Archive for the ‘China’ Category

If OFAC Denies Your License Application…Stop!

Friday, September 11th, 2015 by Danielle McClellan


By: Danielle McClellan

Great Plains Stainless Co. (GPS) of Tulsa, Oklahoma has agreed to pay $214,000 to settle allegations that it violated the Office of Foreign Assets Controls (OFAC) regulations in 2009. GPS sold goods that its Chinese vendor shipped from Shanghai to GPS’s customer in Dubai via MN Sahand, a vessel that is considered blocked property (EO 13382). GPS also created new bogus trade documents, with references to the blocked vessel to be removed and then transferred these altered documents to its Dubai customer to facilitate the release of the goods that were held at the port in Dubai.

GPS did not voluntarily disclose these violations to OFAC, the maximum penalty could have been $500,000. The settlement amount is reflective of the following:

  • GPS acted willfully since they altered the bill of lading
  • They disregarded verbal and written guidance from OFAC stating that the company should consult with OFAC’s Licensing Division before engaging in the transaction
  • GPS had submitted a license application to OFAC seeking authorization for this transaction and was denied but followed thru with the transaction
  • They did not have a compliance program in place at the time of the alleged violations.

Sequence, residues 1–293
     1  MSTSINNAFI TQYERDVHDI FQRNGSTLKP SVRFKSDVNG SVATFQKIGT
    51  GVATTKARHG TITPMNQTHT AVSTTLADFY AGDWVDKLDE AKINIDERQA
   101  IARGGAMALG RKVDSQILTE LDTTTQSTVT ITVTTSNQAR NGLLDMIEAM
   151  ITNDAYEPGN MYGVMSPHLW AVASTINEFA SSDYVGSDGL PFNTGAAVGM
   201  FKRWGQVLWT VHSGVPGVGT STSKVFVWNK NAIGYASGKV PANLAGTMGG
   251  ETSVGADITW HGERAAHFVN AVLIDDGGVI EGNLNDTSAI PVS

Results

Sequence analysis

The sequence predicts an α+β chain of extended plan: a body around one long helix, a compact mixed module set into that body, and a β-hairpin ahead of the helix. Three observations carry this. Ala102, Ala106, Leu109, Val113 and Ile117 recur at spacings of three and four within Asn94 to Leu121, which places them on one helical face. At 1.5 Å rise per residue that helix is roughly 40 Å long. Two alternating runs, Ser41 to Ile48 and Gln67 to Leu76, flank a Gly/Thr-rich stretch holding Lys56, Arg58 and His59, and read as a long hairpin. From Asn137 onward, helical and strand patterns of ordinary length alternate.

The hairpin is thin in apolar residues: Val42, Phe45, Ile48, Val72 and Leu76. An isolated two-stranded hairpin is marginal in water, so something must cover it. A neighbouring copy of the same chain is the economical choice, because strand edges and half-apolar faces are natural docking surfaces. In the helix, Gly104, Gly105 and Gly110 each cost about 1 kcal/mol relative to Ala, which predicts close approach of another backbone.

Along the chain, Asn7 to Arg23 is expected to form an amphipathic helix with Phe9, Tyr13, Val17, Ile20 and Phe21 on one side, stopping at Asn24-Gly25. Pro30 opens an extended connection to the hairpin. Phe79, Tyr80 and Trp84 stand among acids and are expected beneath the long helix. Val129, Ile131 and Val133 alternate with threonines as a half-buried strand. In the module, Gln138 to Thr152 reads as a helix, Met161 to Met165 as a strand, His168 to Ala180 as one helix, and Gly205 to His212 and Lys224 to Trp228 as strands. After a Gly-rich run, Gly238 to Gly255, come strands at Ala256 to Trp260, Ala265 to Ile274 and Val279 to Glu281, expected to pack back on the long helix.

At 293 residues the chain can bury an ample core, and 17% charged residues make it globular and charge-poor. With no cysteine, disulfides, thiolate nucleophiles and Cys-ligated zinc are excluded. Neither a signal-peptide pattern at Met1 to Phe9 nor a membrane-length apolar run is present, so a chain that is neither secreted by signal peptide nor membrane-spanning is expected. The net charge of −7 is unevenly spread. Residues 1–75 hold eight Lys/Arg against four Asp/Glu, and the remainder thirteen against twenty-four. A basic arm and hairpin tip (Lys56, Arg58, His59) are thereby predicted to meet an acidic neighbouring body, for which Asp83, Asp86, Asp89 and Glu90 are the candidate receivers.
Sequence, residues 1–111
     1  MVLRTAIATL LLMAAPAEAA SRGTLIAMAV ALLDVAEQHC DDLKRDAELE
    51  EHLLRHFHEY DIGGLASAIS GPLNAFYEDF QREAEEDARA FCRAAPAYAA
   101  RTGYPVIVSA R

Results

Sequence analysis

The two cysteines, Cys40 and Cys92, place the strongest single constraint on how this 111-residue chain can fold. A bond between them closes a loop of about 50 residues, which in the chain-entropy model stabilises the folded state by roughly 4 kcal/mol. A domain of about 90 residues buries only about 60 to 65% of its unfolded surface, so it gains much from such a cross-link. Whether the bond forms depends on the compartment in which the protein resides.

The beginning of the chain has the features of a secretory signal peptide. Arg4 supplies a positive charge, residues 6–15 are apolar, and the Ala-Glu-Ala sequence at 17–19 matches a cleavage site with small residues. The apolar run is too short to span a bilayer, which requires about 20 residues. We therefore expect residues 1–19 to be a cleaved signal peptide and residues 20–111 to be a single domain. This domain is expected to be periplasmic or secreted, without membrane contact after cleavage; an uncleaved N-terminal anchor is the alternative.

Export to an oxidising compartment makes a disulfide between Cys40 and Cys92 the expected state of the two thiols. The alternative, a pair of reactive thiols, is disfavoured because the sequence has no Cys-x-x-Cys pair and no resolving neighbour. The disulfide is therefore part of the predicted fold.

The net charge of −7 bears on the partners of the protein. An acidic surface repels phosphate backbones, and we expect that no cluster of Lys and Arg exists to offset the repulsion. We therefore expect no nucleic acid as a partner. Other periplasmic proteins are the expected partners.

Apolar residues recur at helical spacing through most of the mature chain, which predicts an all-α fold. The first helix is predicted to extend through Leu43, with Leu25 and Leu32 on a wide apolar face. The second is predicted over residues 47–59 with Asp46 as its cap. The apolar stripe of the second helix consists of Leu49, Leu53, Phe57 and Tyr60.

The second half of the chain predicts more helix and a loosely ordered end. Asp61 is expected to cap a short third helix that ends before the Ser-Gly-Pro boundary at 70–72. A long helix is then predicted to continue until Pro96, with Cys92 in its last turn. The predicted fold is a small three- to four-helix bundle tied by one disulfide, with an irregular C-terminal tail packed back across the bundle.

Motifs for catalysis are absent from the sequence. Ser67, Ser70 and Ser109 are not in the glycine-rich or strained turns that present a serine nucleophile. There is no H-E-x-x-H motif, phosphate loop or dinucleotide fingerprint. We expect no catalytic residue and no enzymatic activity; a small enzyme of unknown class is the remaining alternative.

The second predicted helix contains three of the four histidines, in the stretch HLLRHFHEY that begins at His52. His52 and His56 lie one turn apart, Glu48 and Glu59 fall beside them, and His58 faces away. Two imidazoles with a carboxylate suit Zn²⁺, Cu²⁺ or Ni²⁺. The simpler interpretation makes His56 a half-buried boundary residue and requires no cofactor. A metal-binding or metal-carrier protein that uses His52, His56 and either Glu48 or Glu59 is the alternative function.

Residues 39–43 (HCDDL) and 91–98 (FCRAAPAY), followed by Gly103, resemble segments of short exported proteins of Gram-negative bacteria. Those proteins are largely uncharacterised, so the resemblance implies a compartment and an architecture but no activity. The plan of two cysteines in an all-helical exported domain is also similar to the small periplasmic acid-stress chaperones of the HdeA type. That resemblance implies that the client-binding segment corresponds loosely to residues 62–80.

• The company has not received a penalty notice or Finding of Violation from OFAC in the past five years
  • GPS had no reason to know that the blocked vessel was to be used for the shipment until the vessel’s sailing date
  • They are a small company
  • GPS took remedial measures to prevent future violations

Read the full document at:

$500,000 Penalty for Illegal Pump Exports

Friday, September 11th, 2015 by Danielle McClellan


By: Danielle McClellan

Lewis Pumps Division d/b/a Weir Minerals Lewis Pumps (Envirotech) has been fined $500,000 for exporting globe, gate, and butterfly valves (ECCN 2B350) to China, Russia, and other illegal destinations without licenses. The charging letter indicates that between December 2007 and July 2011 the company exported these items on 32 occasions at an approximate value of $1.4 million.